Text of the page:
SARAJEVO, Bosnia-Herzegovina – SARAJEVO, Bosnia-Herzegovina (AP) — Floods in Bosnia displaced thousands this week as they washed away homes, crops and bridges. The torrents may have also swept loose a perhaps even bigger concern: land mines planted during the Bosnian war.
Since the end of the war in 1995, authorities have done their best to clear away the estimated 1 million land mines planted by the conflicting sides — or at least to mark contaminated areas.
But what if the ground moves?
"Each time the water pulls back, the geography is changed a bit and if there were any mines there, they end up somewhere else," said Antun Sinkovic, a quality control officer of Bosnia's Mine Action Center on Thursday.
At the end of the 1992-95 war, the U.N. was forced to estimate the number of mines strewn throughout the country because the conflicting parties — Serbs, Croats and Bosniaks, or Bosnian Muslims — rarely kept records.
Under an international treaty, Bosnia was supposed to be mine-free by March 2009. Instead, Europe's most mine-infested nation was given another decade to clear the estimated 220,000 remaining mines and other unexploded ordnance. Authorities in the Balkan country acknowledge that more than 1,550 square kilometers (963 square miles) of territory is still riddled with mines.
Since the war ended, mines have claimed 1,700 victims, including 497 fatalities — among them 9 killed and 19 injured in 2009, according to records of Bosnia's Mine Action Center.
By possibly strewing explosives over yet uncharted areas, the floods have only added to the demining headaches — and to risks not only for Bosnians but to people in neighboring Croatia and beyond.
"We were tasked once to clear a mine field near the Sava river in the north and when we got there, 6,000 square meters (1.5 acres) of the marked area was missing. An entire river bank was gone together with the mines," said Boro Kosarac, the head of one of Bosnia's biggest commercial de-mining companies.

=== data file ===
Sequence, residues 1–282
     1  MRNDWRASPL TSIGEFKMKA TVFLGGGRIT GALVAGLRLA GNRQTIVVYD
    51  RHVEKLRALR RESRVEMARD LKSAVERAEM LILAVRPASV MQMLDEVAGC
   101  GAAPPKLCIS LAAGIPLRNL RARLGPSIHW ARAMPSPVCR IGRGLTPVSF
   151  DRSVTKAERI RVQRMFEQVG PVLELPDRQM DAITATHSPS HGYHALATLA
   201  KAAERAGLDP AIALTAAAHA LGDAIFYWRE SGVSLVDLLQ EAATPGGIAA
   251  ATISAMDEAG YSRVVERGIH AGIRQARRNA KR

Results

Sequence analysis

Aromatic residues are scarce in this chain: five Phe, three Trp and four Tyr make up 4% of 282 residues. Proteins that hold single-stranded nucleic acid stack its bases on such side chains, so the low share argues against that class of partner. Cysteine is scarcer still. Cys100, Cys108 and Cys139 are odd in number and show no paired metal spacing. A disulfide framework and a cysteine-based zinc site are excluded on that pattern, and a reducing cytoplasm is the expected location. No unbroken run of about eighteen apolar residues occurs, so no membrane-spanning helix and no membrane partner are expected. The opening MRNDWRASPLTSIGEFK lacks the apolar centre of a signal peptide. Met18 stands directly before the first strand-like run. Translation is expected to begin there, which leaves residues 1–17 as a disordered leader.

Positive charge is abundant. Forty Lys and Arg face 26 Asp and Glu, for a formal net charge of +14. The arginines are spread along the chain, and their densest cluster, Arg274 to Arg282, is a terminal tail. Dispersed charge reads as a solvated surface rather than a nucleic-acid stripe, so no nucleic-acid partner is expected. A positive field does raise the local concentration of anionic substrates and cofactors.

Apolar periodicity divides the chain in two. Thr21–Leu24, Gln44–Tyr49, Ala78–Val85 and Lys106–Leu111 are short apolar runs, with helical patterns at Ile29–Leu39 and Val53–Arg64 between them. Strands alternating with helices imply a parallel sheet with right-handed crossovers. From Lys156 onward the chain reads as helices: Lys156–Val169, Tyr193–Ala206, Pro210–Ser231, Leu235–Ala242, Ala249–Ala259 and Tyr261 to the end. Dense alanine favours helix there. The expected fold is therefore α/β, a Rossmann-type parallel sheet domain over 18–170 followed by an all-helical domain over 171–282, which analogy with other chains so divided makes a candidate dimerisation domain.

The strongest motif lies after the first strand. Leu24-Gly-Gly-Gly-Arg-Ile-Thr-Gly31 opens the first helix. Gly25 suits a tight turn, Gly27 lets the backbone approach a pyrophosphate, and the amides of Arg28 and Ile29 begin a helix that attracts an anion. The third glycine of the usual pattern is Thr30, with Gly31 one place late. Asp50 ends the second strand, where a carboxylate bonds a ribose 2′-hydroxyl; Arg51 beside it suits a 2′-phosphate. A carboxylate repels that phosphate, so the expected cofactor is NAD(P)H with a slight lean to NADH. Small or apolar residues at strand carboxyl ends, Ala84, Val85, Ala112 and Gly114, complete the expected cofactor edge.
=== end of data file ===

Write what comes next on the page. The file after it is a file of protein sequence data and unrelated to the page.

"Only God knows where those mines went," he said. "Theoretically, they could be just a few miles down the river or all the way in the Danube."
The Sava is Bosnia's natural border to Croatia and anything that floats down that river turns into an international problem. About 100 kilometers (60 miles) away from Bosnia, the Sava meets the Danube in Serbia, which then flows through Bulgaria and Romania and into the Black Sea.
Hardest to find are the small-anti personnel mines. Even if they get stuck in the mud somewhere in Bosnia, they are a problem because they have a minimal amount of metal, meaning that if they end up deeper than 10 centimeters (4 inches) below the surface, the mine detector will miss them.
Dogs won't smell them either, since the odor of the explosive gets washed away by the water.
Heavy rainfall made rivers and creeks spill over on Monday, flooding entire towns and villages in the north and the west of the country. Authorities had to evacuate thousands of people.
On Thursday the water began to withdraw, allowing authorities to start estimating the damage — and Mine Action Center scouts to go and search for suspicious river banks that may have gone missing.
Associated Press writers George Jahn in Vienna, and Irena Knezevic in Banja Luka, Bosnia-Herzegovina, contributed to this report.